He took home some paper straws to experiment with, and using a metal screw and dental floss, created grooves in a waxed-paper straw which enabled it to bend without breaking. In his own words, from the 1937 patent on the flexible drinking straw, "a view of any soda fountain on a hot day , with the glasses showing innumerable limp and broken straws drooping over the edges thereof, will immediately show that this problem has long existed." After World War Two, Friedman finally had the backing to start his own factory, and the Flex-Straw Corporation was born.Bendable plastic straw

Although they were originally marketed as particularly suitable for children and hospital patients, bendable drinking straws quickly became ubiquitous. Eventually, like nearly everything in our lives, straws started being made out of plastic. Recent years have seen straws which are long and twisty, short and doubled, wide enough for a thick ice cream-milkshake or so narrow that you need two or three of them to suck anything up. There are straws which change color with the temperature of the liquid and straws which have flavors which are released into the passing liquid. Straws now are attached to the side of boxes of juice and milk. Plastic straws are usually included with every beverage order, and we've all seen servers working with aprons or pockets filled with extra straws. And mothers the world over rely on "sippy cups," reusable plastic cups with straw-type drink sections built in, to teach kids to drink out of cups.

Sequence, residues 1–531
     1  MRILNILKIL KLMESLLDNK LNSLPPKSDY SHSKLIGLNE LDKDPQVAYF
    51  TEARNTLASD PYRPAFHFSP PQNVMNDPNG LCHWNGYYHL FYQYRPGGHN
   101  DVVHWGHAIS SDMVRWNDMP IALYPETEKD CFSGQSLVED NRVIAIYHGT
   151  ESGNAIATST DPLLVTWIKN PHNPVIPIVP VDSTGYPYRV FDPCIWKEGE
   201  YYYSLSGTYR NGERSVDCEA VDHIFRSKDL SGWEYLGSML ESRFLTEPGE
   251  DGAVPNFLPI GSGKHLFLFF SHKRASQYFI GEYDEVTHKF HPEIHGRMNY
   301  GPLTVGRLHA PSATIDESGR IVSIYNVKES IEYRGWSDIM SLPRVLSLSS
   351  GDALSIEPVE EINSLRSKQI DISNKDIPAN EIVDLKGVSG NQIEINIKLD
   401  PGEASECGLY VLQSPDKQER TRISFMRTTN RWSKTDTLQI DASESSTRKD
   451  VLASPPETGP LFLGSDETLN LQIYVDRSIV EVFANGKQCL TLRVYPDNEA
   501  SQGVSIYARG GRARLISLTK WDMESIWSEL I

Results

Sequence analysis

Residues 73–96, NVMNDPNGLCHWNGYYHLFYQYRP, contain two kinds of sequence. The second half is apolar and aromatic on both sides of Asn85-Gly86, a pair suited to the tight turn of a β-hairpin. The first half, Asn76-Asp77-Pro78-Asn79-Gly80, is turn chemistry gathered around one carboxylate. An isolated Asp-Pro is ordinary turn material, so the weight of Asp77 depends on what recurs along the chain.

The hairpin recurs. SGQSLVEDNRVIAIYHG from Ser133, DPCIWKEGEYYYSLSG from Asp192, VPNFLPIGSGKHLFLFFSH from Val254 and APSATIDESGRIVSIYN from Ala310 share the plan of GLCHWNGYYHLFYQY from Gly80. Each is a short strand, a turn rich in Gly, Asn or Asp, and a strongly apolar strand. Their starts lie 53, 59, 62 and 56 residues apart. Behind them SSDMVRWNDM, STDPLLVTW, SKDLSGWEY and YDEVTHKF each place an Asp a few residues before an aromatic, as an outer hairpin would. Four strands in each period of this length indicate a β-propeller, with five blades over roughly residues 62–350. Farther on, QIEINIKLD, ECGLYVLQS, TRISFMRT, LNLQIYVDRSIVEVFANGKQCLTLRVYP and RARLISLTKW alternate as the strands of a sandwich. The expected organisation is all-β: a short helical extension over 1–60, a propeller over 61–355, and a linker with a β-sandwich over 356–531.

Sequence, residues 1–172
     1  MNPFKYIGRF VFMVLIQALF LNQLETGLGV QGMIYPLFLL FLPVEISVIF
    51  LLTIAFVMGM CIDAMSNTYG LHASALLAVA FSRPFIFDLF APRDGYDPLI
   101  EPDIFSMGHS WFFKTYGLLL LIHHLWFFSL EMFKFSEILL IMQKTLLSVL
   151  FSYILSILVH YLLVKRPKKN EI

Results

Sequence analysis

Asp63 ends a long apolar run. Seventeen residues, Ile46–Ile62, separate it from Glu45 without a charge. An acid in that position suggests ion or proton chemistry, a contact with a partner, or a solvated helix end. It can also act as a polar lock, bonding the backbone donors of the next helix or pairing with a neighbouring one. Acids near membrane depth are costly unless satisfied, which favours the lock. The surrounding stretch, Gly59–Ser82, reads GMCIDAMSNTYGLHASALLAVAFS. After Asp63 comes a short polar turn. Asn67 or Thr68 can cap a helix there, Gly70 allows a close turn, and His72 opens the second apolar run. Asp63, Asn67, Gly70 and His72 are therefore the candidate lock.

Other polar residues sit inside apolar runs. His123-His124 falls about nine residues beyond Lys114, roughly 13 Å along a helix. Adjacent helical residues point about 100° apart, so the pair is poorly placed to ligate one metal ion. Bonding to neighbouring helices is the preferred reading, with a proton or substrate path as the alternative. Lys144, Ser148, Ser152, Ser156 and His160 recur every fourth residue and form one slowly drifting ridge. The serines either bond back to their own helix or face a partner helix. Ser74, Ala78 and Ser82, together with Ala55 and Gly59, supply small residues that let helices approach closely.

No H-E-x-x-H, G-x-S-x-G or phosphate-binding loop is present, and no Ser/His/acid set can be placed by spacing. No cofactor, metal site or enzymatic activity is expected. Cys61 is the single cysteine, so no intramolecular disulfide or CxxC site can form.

People who are concerned about the presence of plastic near their beverage or wish to cut down on solid waste may request "no straw" at the drive through window. On the other hand, using a straw may cut down on tooth decay and straws do prevent getting hit in the mouth with ice cubes. Dentists advocate drinking coffee, tea, red wine and sugary drinks with a straw to reduce stains on teeth and exposure of tooth enamel to sugars and/or stains from coffee, tea, soda and red wine. Reusable straws are available at reusitStraight plastic straw in unbelievably fresh, and might even be at your local discount store.

Bisphenol A or BPA is a type of plastic, "an industrial chemical that has been used to make certain plastics and resins since the 1960s," says the Mayo Clinic. Although manufacturers insist BPA is safe to use in canned goods, plastic containers, microwave containers and baby bottles, the FDA continues to investigate its safety. If you wish to avoid using BPA-containing products for yourself or your children--you'll definitely want to use your own straw.

According to Wikipedia, in 2008, the 35th anniversary of the horse Secretariat's winning the Kentucky Derby race, the world's largest mint julep cup was unveiled, at 6 feet tall with a comparably long straw. Maybe Queen Puabi, 5,000 years ago, had the right idea after all!

Links to explore:


Straw pledge San Diego

Joseph Friedman papers, Smithsonian Institution

Stone Straw Corporation History

Drinking Straw Explained

5,000 years of straws (The Atlantic)

photo credits: thanks to farmerdill, Jerald Jack Starr, Martin Belam (available through Creative Commons Attribution ShareAlike 2.0) and Carrie Lamont.